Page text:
1st Line Support Technician / Application Support

£20000 - £24000 per annum: Harrington Starr: A leading provider of web based m...

Team Secretary - (Client Development/Sales Team) - Wimbledon

£28000 - £32000 per annum: Ashdown Group: Secretary (Sales Team Support) - Mat...

Accountant / Assistant Management Accountant

Competitive (DOE): Guru Careers: We are looking for an Assistant Management Ac...

Day In a Page

Dress the Gaza situation up all you like, but the truth hurts

Robert Fisk on Gaza conflict

Dress the situation up all you like, but the truth hurts
Save the tiger: Tiger, tiger burning less brightly as numbers plummet

Tiger, tiger burning less brightly

When William Blake wrote his famous poem there were probably more than 100,000 tigers in the wild. These days they probably number around 3,200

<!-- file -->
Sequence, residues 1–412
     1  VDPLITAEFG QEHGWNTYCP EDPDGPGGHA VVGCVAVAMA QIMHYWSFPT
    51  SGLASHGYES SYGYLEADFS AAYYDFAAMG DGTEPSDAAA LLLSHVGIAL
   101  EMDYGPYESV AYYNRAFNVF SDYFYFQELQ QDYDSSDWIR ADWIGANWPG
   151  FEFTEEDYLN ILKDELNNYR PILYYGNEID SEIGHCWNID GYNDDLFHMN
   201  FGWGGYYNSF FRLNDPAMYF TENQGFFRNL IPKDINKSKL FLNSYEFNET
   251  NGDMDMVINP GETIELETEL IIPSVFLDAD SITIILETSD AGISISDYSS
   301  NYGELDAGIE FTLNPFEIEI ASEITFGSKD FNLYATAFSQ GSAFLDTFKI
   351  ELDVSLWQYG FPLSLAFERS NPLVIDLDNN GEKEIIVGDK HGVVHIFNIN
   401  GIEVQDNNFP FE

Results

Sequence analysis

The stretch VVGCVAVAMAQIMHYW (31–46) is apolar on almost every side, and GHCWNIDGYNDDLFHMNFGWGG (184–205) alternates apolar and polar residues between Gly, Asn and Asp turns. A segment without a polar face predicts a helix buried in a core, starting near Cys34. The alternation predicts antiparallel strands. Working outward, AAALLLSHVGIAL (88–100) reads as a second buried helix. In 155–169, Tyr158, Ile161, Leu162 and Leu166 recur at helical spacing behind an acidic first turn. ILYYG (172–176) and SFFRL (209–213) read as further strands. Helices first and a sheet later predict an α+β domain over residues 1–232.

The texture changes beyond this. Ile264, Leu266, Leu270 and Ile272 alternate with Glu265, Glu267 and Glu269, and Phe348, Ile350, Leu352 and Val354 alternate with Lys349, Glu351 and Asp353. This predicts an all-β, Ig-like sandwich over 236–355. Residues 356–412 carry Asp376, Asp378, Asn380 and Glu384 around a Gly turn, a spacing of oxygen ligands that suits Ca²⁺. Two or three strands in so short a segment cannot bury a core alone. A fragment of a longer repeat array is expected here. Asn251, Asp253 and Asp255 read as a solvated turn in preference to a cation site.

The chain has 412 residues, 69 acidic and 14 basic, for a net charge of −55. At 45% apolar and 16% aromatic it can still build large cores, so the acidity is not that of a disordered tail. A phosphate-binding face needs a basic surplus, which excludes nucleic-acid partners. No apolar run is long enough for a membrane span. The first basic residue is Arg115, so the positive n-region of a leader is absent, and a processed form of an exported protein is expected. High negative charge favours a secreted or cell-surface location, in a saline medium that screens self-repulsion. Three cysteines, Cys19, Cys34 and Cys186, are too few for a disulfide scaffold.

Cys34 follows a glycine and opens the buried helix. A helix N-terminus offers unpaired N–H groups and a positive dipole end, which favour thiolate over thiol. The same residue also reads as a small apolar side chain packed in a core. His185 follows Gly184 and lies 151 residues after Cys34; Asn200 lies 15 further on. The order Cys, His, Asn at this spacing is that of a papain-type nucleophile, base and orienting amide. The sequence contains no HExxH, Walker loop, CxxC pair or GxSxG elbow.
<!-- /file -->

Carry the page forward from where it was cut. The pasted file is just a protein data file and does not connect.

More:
5 News's Andy Bell retraces his grandfather's steps on the First World War battlefields

In grandfather's footsteps

5 News's political editor Andy Bell only knows his grandfather from the compelling diary he kept during WWI. But when he returned to the killing fields where Edwin Vaughan suffered so much, his ancestor came to life
Lifestyle guru Martha Stewart reveals she has flying robot ... to take photos of her farm

Martha Stewart has flying robot

The lifestyle guru used the drone to get a bird's eye view her 153-acre farm in Bedford, New York
Former Labour minister Meg Hillier has demanded 'pootling lanes' for women cyclists

Do women cyclists need 'pootling lanes'?

Simon Usborne (who's more of a hurtler) explains why winning the space race is key to happy riding
A tale of two presidents: George W Bush downs his paintbrush to pen father’s life story

A tale of two presidents

George W Bush downs his paintbrush to pen father’s life story